Wellingtonians have overwhelmingly backed a radical plan to remove cars from Golden Mile, significantly widen footpaths and turn several side streets in Wellington’s inner city into pedestrian-only zones.
Almost 2000 people gave feedback on three options for proposed changes to Wellington’s Golden Mile, which runs from 1.5 miles from the Beehive to the end of Courtenay Place.
The vast majority supported the “transform” option, the most radical of the three options to reform Wellington’s main shopping and entertainment area. The plan would cost up to $80 million and remove up to 200 car parks between Wellington Railway Station and Kent/Cambridge Terrace.
It is part of the $6.4 billion Let’s Get Wellington Moving programme designed to overhaul the capital’s transport infrastructure.
Isabella Cawthorn of Talk Wellington, a group that advocates for a more liveable capital, said the feedback showed a demand for a more people-centric city. “When you have a nice attractive environment for people to walk around, shop and linger in, they spend more time there,” she said.
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The “transform” option would remove all public traffic from the Golden Mile, create bus-only lanes along the entire stretch, and widen footpaths by as much as 75 per cent.
The plan proposes pedestrianising the end of almost every side street which connects on to the Golden Mile, including Tory Street, Lower Cuba Street, and areas surrounding Midland Park on Lambton Quay. Service vehicles would still be able to access the streets when required.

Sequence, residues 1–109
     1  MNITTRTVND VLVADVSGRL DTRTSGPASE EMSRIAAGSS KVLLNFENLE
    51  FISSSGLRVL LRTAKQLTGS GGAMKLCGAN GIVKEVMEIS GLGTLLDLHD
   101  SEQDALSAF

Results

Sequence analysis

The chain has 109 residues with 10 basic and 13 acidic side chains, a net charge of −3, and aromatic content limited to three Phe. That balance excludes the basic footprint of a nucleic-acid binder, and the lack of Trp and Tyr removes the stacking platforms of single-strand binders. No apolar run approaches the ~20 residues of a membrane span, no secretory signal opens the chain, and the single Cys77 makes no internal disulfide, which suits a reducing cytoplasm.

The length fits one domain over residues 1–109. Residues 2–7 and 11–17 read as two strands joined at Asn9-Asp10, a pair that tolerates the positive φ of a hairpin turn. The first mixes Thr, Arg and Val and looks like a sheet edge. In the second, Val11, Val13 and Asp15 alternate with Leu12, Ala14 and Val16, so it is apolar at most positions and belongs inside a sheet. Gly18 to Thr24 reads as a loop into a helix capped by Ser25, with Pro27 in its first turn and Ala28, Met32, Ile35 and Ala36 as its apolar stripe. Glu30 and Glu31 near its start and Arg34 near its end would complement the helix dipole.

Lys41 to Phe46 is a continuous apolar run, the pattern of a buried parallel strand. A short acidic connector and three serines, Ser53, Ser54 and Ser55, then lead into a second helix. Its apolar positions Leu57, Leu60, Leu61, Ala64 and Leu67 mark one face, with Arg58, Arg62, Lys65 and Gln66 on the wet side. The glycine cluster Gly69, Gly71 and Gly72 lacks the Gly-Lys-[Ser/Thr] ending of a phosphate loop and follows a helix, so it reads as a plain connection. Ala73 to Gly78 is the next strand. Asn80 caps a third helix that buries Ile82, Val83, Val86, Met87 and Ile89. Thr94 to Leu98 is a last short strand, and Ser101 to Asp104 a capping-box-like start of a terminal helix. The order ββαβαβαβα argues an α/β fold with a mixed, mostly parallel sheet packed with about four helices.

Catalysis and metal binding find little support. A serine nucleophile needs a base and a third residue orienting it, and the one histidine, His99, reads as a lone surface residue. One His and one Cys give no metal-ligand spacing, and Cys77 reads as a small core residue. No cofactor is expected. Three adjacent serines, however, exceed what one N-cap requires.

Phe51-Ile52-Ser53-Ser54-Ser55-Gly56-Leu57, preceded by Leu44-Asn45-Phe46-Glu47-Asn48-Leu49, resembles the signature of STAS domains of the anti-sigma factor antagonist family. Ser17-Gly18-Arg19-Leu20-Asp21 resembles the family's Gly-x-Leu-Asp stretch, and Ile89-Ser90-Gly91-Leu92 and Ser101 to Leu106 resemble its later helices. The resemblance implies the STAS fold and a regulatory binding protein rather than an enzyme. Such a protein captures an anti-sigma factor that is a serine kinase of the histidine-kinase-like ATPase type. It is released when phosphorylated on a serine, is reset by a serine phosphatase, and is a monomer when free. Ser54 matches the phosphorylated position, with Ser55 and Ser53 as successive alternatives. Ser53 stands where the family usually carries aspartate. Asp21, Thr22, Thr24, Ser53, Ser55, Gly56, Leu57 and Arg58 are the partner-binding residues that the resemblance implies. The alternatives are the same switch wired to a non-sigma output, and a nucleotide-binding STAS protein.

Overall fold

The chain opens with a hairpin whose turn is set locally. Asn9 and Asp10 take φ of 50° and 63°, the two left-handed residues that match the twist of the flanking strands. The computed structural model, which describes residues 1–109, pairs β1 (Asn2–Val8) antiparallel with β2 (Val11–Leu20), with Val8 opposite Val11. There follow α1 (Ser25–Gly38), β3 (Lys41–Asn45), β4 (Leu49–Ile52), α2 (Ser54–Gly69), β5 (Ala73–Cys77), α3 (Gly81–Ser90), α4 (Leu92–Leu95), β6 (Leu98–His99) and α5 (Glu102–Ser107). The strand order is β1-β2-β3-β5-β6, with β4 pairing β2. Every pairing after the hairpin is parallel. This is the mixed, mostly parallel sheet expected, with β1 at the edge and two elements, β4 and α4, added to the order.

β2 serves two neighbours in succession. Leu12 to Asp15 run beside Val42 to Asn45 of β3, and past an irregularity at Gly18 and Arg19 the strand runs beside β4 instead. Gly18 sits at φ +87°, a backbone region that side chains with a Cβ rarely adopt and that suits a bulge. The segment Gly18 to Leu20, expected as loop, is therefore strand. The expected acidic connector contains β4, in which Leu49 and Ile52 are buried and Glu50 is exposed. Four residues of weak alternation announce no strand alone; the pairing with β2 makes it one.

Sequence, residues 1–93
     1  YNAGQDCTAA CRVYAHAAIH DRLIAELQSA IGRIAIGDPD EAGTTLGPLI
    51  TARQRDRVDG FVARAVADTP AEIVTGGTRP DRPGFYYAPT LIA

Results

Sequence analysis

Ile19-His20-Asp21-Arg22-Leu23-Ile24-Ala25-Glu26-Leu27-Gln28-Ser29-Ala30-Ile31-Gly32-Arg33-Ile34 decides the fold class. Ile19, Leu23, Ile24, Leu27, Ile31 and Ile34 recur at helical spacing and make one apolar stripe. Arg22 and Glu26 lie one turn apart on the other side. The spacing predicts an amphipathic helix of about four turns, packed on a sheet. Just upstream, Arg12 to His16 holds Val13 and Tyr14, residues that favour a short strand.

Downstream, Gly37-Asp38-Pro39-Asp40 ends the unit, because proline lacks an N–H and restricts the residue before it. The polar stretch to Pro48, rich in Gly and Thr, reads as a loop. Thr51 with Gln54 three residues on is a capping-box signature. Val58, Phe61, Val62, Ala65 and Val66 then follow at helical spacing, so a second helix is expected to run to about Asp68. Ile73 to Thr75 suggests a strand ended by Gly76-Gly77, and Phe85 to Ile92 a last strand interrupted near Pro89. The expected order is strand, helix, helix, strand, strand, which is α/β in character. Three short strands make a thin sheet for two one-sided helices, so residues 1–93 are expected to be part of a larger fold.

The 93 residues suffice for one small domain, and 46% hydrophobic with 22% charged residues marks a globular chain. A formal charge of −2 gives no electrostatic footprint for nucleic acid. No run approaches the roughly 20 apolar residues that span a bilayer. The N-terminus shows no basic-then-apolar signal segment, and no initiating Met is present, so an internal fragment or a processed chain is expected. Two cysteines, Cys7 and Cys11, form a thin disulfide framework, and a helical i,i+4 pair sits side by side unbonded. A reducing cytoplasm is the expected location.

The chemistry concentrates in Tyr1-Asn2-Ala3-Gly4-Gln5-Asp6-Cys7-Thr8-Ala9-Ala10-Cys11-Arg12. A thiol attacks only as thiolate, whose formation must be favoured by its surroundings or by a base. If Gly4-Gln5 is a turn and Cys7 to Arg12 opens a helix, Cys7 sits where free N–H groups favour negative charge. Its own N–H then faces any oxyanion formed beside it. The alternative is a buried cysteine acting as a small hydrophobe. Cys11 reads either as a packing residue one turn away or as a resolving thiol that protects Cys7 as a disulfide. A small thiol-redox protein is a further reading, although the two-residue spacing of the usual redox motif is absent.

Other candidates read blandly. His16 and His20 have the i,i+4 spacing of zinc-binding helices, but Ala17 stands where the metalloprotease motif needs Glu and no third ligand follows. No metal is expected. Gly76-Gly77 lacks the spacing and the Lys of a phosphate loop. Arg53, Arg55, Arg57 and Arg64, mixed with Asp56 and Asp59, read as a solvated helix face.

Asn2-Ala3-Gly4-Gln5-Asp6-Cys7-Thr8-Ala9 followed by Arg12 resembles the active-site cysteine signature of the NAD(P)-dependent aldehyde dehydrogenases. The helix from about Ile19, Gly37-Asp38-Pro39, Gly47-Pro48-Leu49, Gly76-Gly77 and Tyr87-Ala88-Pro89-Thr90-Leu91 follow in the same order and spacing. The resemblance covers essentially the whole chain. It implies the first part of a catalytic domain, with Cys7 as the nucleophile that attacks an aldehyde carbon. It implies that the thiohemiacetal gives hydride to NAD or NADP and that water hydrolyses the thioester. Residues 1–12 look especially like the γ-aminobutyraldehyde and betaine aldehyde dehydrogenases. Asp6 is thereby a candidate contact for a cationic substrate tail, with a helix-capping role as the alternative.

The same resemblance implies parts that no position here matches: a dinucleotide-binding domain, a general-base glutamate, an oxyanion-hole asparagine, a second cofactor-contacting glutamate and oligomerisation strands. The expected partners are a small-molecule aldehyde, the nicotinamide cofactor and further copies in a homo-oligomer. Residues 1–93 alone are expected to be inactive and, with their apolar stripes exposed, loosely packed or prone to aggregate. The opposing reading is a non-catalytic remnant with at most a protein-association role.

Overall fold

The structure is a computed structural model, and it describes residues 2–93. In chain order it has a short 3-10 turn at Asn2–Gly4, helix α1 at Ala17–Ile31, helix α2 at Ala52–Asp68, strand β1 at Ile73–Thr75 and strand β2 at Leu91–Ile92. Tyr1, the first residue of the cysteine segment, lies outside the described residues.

It would also create a shared zone beside the footpath for cycling and electric scooters along Lambton Quay.
Some bus stops along the route would be closed or moved to reduce bus congestion the streets. New, larger bus stops would be built, separated from the main footpath area.
The other two concepts proposed were titled “streamline” which would some general traffic off the Golden Mile while making buses more reliable, and “prioritise” which would create two bus priority lanes along much of the road, but allowed less room for walking and cycling.
Submitters were asked which of the three plans they liked best for Willis Street, Lambton Quay, and Courtenay Place respectively.
All three surveys returned similar results, at least 60 per cent support for the “transform” plan for all three streets. No other plan topped 13 per cent on any street.
The “transform” option was the favoured option of the Greater Wellington Regional Council, because of its benefits for public transport.
The changes would take an average of 3 minutes and 40 seconds off the time it takes a bus to travel the full length of the Golden Mile, according to estimates from Let’s Get Wellington Moving, which is a partnership between Wellington City Council, the Greater Wellington Regional Council and Waka Kotahi NZ Transport Agency.
“This ensures the buses transiting the Golden Mile are able to keep to time. It will give the public more certainty, it means they can expect their bus within one to two minutes of the schedules rather than five to ten minutes,” regional council chair Daran Ponter said.
Almost 95 per cent of buses in Wellington’s centre city pass through the Golden Mile.